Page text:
Harassment From Your Neighbour: Part 6
NFHiB Recommended Products: Managing a nuisance neighbour who is causing ongoing harassment and distress can often be a challenging situation, especially where you may need to acquire evidence covertly and safely.
We have put together our top 5 recommended devices from Fly On The Wall to help you gain the harassment evidence you require in order to provide the much needed proof to authorities, perhaps to initiate or progress formal action further. These devices will assist you to gain the covert evidence you require in instances of harassment from a neighbour. Please be safe and use them wisely.
Lighter DVR Camera (4GB) - This incredibly lifelike product features both voice and colour video recording, internal memory of 4GB & a one touch recording button for up to 4 hours of recording. Priced at only £59.99, this is the perfect accessory to help gather covert evidence of harassment. One Reviewer said "The quality of this camera is excellent, also easy to operate, and playback very clear." - Mike Harding (2010). Buy Now!
Keep your eyes on a nuisance neighbour with these specs - Spy Glasses With Hidden DVR Spy Camera, priced at a great £99.99. Look entirely natural while you take either full colour video, audio recordings (microphone range built-in of up to 2 metres) or image stills at 5MP quality.
Easy connection to PC via USB capability allows you to transfer saved data with ease and the simple 2-button control makes it a breeze to operate these glasses. Buy Now!
Bring a ray of sunshine to the day with the Smiley Badge Hidden DVR Spy Camera that easily clips on (or use supplied suction cup car mounting bracket) at £59.99. Contains a small DVR camera hidden inside. Record up to 6 hours of video in full colour, audio or images (1MP quality) onto a Micro SD card (you'll need to purchase this separately). Connects to a PC via USB for easy transfer. Buy Now!
Wrist wear is most definitely fashionable using the HD Diving Watch DVR Spy Camera (32GB) which allows video and voice recording in a waterproof-to-30-metres watch - priced competitively at £134.99. The battery gives a full 5 hours of use and easy playback via a TV or PC. Buy Now!
The MP3 player has voice recording, colour video capturing and still image capabilities at 1MP quality, giving you a perfect solution for on-the-move covert surveillance and recording. Buy Now!
- Part 1: Harassment From Your Neighbour
- Part 2: Harassment Definitions & Stalking
- Part 3: Harassment and Bullying: Differences
- Part 4: Racial and Sexual Harassment
- Part 5: Legislation & Harassment
- Part 6: PFHA 1997
- Part 7: Other Legislation & Law of Assault
- Part 8: What to do if suffering harassment?
- Part 9: Evidence, Complaining & More Help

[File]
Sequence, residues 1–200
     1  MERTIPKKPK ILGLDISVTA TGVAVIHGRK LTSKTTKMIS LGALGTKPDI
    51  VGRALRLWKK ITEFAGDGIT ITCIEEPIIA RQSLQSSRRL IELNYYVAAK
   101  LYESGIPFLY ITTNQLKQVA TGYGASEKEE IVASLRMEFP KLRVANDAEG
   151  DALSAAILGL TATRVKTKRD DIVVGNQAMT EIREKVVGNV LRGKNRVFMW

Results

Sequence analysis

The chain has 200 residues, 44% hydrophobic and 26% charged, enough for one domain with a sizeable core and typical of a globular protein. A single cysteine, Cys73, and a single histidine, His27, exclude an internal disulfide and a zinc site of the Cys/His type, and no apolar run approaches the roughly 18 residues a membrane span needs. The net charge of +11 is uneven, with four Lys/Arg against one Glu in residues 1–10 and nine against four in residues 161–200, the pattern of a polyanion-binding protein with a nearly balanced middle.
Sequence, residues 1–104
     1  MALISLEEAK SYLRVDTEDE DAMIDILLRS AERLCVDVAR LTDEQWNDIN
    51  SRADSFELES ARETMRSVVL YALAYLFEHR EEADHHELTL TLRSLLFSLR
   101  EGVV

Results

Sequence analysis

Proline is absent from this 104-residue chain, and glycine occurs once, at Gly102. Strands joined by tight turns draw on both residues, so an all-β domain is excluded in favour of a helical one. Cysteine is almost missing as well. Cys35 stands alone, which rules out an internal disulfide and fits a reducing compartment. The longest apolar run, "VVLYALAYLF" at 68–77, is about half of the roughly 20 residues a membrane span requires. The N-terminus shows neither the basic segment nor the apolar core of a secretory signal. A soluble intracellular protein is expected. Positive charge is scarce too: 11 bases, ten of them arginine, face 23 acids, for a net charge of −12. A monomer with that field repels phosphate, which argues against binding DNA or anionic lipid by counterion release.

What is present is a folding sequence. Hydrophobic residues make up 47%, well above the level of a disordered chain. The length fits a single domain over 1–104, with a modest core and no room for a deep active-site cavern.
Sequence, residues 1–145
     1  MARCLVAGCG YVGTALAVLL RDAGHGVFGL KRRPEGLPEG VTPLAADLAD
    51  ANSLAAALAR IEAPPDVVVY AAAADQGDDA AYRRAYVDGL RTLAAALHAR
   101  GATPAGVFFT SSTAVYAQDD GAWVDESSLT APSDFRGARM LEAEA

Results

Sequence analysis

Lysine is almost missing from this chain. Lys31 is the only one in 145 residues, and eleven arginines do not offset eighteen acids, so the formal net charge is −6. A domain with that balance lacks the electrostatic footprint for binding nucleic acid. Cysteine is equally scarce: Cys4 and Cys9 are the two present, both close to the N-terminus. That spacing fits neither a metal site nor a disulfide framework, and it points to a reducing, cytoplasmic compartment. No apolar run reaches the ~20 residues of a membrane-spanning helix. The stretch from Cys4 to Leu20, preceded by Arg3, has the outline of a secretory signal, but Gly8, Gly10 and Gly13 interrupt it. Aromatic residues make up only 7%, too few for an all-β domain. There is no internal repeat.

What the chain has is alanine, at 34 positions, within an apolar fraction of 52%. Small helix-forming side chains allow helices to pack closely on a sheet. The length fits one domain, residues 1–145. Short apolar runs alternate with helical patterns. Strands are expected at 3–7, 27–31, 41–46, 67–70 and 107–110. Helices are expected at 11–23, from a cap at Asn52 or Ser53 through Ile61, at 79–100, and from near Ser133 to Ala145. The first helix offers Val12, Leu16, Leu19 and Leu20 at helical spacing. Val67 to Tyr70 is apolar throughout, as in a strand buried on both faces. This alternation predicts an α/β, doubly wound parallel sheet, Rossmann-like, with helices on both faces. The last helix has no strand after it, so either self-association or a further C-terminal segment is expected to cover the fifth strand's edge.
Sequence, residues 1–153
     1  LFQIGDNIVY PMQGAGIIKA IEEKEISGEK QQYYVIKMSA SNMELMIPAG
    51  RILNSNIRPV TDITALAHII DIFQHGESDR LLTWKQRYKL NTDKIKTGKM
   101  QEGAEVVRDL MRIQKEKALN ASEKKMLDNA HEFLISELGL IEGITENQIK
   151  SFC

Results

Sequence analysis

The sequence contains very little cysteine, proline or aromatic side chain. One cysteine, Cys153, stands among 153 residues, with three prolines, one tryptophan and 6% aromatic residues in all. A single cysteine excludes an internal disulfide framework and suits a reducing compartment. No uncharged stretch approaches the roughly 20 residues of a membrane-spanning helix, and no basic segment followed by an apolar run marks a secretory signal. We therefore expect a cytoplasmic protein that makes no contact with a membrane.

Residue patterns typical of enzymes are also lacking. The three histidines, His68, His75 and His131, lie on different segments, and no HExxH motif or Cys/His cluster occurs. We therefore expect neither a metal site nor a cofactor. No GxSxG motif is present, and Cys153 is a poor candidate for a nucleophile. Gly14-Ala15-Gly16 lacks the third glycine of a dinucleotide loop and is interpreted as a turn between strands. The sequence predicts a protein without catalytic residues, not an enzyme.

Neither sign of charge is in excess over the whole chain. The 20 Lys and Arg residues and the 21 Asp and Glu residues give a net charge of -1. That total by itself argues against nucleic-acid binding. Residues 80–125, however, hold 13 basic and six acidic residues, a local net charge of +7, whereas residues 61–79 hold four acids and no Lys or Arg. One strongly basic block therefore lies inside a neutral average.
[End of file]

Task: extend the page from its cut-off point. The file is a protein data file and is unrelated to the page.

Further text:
- View or Add Feedback about this article
- Forms of Harassment from your Neighbour
- What action you can take about harassment
Protection from Harassment Act 1997
This piece of legislation was brought into creation on the 21st March, 1997 and is the major and main piece of legislation that deals with harassment and harassment issues.
Within the Protection from Harassment Act 1997 (PFHA) two criminal offences are highlighted - these are contained within sections 2 and 4.
The PFHA '97 also gives courts that hold civil powers the capability to instigate injunctions and award damages in all types of harassment cases. Within the Act, this is described in Section 3.
The PFHA 1997 is a 'dynamic act' in the sense where it can effectively cover harassment in any form whatsoever. The act sets out sections to deal with the prohibition and offence of harassment, restraining orders, the act's limitations and civil remedies, and so on.
For example, the Act cites:
Prohibition of harassment
1. - (1) A person must not pursue a course of conduct-
(a) which amounts to harassment of another, and
(b) which he knows or ought to know amounts to harassment of the other.
The Course of conduct is defined in s7(3) and is:
(3) A "course of conduct" must involve conduct on at least two occasions.
This basically means that the harasser needs to display the harassment on at least two occasions.
Criminal cases often and particularly in the magistrates courts manage one incident. For the offence of criminal harassment to be proved, the court (and where appropriately the Police) will have to be satisfied that the act (the 'conduct') of actual harassment happened on a minimum amount of two separate occasions.
Despite the fact that 'course of conduct' has to contain at least two incidents, there is no specification that incidents must have occurred at the same time.
e.g. Your neighbour threatened to steal your car on a particular day, but then proceeded to deliberately vandalise your garden two days later. Even though the 'course of conduct' is totally different in each of these circumstances it is still valid and involves the minimum of two incidents.
So, it is vital to report any instances of harassment, whether or not you have proof to your Local Police so they can consider further action if necessary and if possible. This could result in your neighbour where they are harassing you, being detained/arrested for the acts of harassment.